Better handling of JSON data in R?

March 13, 2014
By

(This article was first published on Quantifying Memory, and kindly contributed to R-bloggers)

What is the best way to read data in JSON format into R? Though really common for almost all modern online applications, JSON is not every R user's best friend. After seeing the slides for my Web Scraping course, in which I somewhat arbitrarily veered between using the packages rjson and RJSONIO, the creator of a third JSON package, Jeroen Ooms, urged me to reconsider my package selection process. So without further ado, is jsonlite any better? Does it get rid of the problem of seemingly infinitely nested lists?

As part of exploring digital data collection we used a range of sources that provide JSON data - from Wikipedia page views to social media sharing stats to YouTube Comments and real-time cricket scores. A persistent annoyance for students was navigating the JSON structure, typically translated into R as a list. Here is what my YouTube stats scraper looks like:

getStats <- function(id) {    url = paste0("https://gdata.youtube.com/feeds/api/videos/", id, "?v=2&alt=json")    raw.data <- readLines(url, warn = "F")    rd <- fromJSON(raw.data)    dop <- as.character(rd$entry$published)    term <- rd$entry$category[[2]]["term"]    label <- rd$entry$category[[2]]["label"]    title <- rd$entry$title    author <- rd$entry$author[[1]]$name duration <- rd$entry$media$group$media$content[[1]]["duration"]    favs <- rd$entry$yt$statistics["favoriteCount"] views <- rd$entry$yt$statistics["viewCount"]    dislikes <- rd$entry$yt$rating["numDislikes"] likes <- rd$entry$yt$rating["numLikes"]    return(list(id, dop, term, label, title, author, duration, favs, views,        dislikes, likes))}(getStats("Ya2elsR5s5s"))

[[1]]

[1] "Ya2elsR5s5s"

[[2]]

[1] "2013-12-17T19:01:44.000Z"

etc.

Now, this is all fine, except that, upon closer inspection, the scraper function burrows into lists to extract the correct field. We use special ticks to accommodate names with dollar-signs in them, to name but one challenge.

Is this any easier using jsonlite?

require(jsonlite)id = "Ya2elsR5s5s"url = paste0("https://gdata.youtube.com/feeds/api/videos/", id, "?v=2&alt=json")raw.data <- readLines(url, warn = "F")rd <- fromJSON(raw.data)term <- rd$entry$category$term[2]label <- rd$entry$category$label[2]title <- rd$entry$titleauthor <- rd$entry$author[1]duration <- rd$entry$media$group$media$content$duration[1]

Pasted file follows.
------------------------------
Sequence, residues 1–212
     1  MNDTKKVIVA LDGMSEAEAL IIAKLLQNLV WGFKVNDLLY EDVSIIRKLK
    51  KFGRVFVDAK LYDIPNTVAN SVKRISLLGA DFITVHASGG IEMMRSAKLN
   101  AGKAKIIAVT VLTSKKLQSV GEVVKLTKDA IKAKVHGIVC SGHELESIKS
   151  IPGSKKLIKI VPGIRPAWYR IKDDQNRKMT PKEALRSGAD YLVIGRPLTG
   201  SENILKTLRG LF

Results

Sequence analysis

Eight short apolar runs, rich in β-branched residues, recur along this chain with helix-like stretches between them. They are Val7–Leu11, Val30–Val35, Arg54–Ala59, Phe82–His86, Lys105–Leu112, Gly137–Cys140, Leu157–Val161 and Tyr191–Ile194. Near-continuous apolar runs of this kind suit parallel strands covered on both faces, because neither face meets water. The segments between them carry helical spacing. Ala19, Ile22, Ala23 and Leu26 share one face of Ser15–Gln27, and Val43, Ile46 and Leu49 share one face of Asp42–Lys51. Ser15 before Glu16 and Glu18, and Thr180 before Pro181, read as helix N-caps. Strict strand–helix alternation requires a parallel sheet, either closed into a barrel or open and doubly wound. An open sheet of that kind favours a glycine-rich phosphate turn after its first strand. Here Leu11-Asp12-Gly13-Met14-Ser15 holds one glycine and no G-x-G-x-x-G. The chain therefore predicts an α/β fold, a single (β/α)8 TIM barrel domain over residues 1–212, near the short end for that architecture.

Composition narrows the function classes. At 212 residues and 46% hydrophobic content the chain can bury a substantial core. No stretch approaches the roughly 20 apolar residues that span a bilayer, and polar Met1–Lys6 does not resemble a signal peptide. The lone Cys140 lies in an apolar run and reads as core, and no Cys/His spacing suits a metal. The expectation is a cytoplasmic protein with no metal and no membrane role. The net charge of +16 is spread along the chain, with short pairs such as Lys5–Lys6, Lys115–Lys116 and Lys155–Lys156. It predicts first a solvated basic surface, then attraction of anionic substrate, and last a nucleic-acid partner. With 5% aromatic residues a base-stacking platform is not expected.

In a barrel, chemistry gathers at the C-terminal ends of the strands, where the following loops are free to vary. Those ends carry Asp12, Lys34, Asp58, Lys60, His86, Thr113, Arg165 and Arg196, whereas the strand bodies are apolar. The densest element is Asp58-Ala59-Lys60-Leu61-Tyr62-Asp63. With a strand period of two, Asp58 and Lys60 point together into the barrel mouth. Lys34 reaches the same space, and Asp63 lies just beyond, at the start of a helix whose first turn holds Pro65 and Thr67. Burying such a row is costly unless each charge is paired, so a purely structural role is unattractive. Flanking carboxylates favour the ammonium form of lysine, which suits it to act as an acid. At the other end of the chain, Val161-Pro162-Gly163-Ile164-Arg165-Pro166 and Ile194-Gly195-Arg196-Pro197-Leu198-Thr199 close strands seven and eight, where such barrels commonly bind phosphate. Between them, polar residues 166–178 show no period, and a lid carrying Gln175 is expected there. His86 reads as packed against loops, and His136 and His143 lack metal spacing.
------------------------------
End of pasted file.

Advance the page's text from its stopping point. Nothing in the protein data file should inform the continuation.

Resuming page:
is this any better? I’m not convinced there's much in it: because of the JSON structure used by the YouTube API, jsonlite can only coerce a few elements into data.frames, and these are still buried deep in the list structure. The object 'rd' contains a mix of named entities and data.frames, and in this case we have to do similar excavation to get at interesting data.

What about social stats, e.g. facebook shares?

Here is my approach from the web scraping tutorials: first we construct the HTTP request, then we read the response using rjson

fqlQuery = "select share_count,like_count,comment_count from link_stat where url=\""url = "http://www.theguardian.com/world/2014/mar/03/ukraine-navy-officers-defect-russian-crimea-berezovsky"queryUrl = paste0("http://graph.facebook.com/fql?q=", fqlQuery, url, "\"")  #ignoring the callback partlookUp <- URLencode(queryUrl)  #What do you think this does?lookUp
## [1] "http://graph.facebook.com/fql?q=select%20share_count,like_count,comment_count%20from%20link_stat%20where%20url=%22http://www.theguardian.com/world/2014/mar/03/ukraine-navy-officers-defect-russian-crimea-berezovsky%22"
rd <- readLines(lookUp, warn = "F")require(rjson)dat <- fromJSON(rd)dat
## $data##$data[[1]]## $data[[1]]$share_count## [1] 388## ## $data[[1]]$like_count## [1] 430## ## $data[[1]]$comment_count## [1] 231
dat$data[[1]]["share_count"] ##$share_count## [1] 388

How does jsonlite compare?

require(jsonlite)dat <- fromJSON(rd)dat
## $data## share_count like_count comment_count## 1 388 430 231 dat$data\$share_count
## [1] 388

Is that better? Yes, I think jsonlite in this case offers a significant improvement.

What about writing to JSON?

Not long ago I did a bit of work involving exporting data from R for use in d3 visualisations. This data had to be in a nested JSON format, which I approximated through a (to me) rather complex process using split and lapply. Can jsonlite simplify this at all?

Possibly. Though my gut reaction is that creating nested data.frames is not much simpler than manually creating creating nested lists. I repeatedly used the split function to chop up the data into a nested structure. Once this was done, however, toJSON wrote very nice output:

"9" : {"33" : {  "74" : [    {      "label" : "V155",      "labs" : "Bird Flu and Epidemics"    },    {      "label" : "V415",      "labs" : "Fowl and Meat Industry"    }  ],  "75" : [    {      "label" : "V166",      "labs" : "Academics"    },    {      "label" : "V379",      "labs" : "Places Of Study and Investigation"    }  ],  "76" : [    {      "label" : "V169",      "labs" : "Space Exploration"    },    {      "label" : "V261",      "labs" : "Cosmonauts"    }  ]}

My verdict: jsonlite makes saving a data.frame in JSON very easy indeed, and the fact we can turn a data.frame seamlessly into a 'flat' JSON file is excellent. In many real-world situations the reason for using JSON in the first place (rather than say csv) is that a columns/row structure is either inefficient or plain inappropriate. jsonlite is a welcome addition, though transporting data between R and javascript and applications is not seamless just yet. The bottom-line: great for simple cases; tricky structures remain tricky.

Seriously: does anyone know how to automatically created nested data frames or lists?

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